Congratulations! You’ve made up your mind that you want to learn a language and enrol in a class. You are highly motivated and look forward to the new challenge. Then suddenly - usually after the first two or three classes - you may find yourself overwhelmed and frustrated, because that sentence you were supposed to listen to carefully (and ideally guess the meaning of) turned out to be a colossal jumble of syllables. Which will inevitably lead to the question: Will I ever be able to have a decent conversation? The answer is simple: If a baby can do it, you can do it! So how do they do it and what can we learn from the little buggers? Well, in their first few months they are just as frustrated as you and they communicate that well by crying, yelling and shouting for food, comfort or sleep time. But after weeks and months of listening to and learning from everyone around them, they begin to recognise their names, identify important words and follow simple instructions such as ‘come here’ or ‘have a drink’. This success can be attributed to parents, siblings and everyone around them talking to them on a constant basis. They would use short sentences and emphasise key words which helps the toddler to focus on the important information. During their everyday activities the toddlers make connections between actions and objects and the words that represent them. Left alone they start babbling and making sounds such as ‘baba’ or ‘mama’ which are easy to pronounce and they repeat them over and over because they like the way they sound. By 18 months they will use between six and 20 words and by the [...]
Have you even felt too old to learn a new language or gave it up because you thought you are not the gifted one for foreign languages no matter how hard you have tried? But, the truth is you might just use the wrong way to learn. Inspired by Julie Cleaver’s “10 ways to learn a new language”, we would like to share some of our ideas with you. In her article, she mentioned 10 efficient points in terms of learning a new language, and here we would like to highlight some very important ones. “Learn the important words first” “Do I need to have 3000 vocabulary words to start practicing conversation?” The answer is NO. You don’t need to know all these terminologies to have a daily chat. In most cases, people keep repeating certain words, phrases and sentences again and again. Think about it that in English 300 words make up 65 percent of all written material! Therefore, once you master these words with a little courage, you are off to go. “Learn like words” Due to the fact that English belongs to Indo-European language family, a family of hundred related 445 languages and dialects, including German, Italian, Celtic, etc, same or similar spelling can be found in different language with the same meanings. For example Mutter in German and mother in English. At the same time, as the result of sharing the root with Latin word family similar words can be spotted in these languages, such as absolute (absolute) and abstracto (abstract) in Spanish. Within its powerful influence on Asian countries, historically, economically and culturally, Japanese, Korean and Chinese system also borrow a lot from English such as Japanese nekku (neck) and [...]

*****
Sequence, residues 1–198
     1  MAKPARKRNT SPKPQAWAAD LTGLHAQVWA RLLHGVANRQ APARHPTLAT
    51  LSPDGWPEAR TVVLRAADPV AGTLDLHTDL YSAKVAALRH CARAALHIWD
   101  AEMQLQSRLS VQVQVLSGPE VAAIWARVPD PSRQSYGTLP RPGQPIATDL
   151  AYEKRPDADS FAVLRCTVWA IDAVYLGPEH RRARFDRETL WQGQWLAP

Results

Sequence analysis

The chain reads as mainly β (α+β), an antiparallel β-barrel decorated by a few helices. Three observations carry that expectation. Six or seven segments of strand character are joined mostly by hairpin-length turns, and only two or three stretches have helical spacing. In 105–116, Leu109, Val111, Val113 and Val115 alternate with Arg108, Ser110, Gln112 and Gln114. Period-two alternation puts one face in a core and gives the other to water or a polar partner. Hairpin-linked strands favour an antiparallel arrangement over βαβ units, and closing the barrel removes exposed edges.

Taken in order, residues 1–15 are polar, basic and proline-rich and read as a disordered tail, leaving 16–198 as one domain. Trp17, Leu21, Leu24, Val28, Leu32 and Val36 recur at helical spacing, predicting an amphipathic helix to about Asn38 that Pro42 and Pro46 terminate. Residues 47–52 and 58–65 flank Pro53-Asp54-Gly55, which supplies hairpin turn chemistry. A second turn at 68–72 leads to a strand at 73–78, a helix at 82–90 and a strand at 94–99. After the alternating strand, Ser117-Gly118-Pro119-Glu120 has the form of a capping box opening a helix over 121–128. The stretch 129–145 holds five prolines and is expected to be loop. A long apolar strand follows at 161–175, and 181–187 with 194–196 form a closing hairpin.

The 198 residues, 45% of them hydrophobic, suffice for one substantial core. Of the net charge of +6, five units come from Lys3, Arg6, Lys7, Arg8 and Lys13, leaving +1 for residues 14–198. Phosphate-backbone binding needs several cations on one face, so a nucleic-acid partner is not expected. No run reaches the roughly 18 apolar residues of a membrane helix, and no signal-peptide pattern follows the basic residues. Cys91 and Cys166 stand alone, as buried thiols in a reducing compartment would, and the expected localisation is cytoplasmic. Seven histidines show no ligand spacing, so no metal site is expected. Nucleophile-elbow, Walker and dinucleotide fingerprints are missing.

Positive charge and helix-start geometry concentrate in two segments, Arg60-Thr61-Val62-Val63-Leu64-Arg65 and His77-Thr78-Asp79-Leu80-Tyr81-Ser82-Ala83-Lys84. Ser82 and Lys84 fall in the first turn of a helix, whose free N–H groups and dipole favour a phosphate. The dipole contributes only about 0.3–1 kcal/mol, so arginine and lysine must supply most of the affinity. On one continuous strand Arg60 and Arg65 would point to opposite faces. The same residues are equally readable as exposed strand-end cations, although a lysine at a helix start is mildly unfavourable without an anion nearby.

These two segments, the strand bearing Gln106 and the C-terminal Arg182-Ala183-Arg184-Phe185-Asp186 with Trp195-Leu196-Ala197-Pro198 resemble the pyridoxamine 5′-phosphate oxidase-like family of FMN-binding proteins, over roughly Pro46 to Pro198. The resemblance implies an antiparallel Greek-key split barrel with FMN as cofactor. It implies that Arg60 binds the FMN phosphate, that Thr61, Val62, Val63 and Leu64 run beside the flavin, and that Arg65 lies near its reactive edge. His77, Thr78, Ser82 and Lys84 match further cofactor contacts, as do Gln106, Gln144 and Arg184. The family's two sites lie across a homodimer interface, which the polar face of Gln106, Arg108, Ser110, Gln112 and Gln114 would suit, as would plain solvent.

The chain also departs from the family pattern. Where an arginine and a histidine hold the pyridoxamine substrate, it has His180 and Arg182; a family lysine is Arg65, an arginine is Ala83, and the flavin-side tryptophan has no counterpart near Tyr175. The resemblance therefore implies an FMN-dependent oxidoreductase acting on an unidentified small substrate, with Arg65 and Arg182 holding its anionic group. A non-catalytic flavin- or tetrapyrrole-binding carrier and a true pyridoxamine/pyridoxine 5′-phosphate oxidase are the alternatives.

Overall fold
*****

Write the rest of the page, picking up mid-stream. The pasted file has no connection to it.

You know that practice practice practice is the best way to learn a language. But its definitely true that some ways of practicing the language are more effective than others. If you’re going to put in the time and effort to study your language, you want to use that time as effectively as possible. Latest theory is that learning new words and vocabulary in context rather than in isolation is the best way to expand your vocabulary. So does this mean that the use of flashcards is a bad idea? Should I stick to other techniques when learning a language? The appeal of flashcards Flashcards are appealing in that they give you a sense of making real, measurable progress in your language. If you studied 20 flashcards, then you feel that you have increased your vocabulary by 20 words. Whereas if you speak with someone in the language, read a text or review your grammar notes, then its harder to measure what exactly it is that you’ve achieved. Why you should avoid flashcards Flashcards are a great way of putting vocabulary into your short term memory. But that is the only thing they are great for. You can study a set of flashcards and feel you have learned the vocabulary on them, but if you put those flashcards away for a month and then come back to them, you will have forgotten most of the vocabulary they contain. Using flashcards is like cramming for an exam the night before – the knowledge goes in for long enough for you to pass the exam, but you will have forgotten it all six months later when someone asks you about it. Hopefully you’re wanting to be able [...]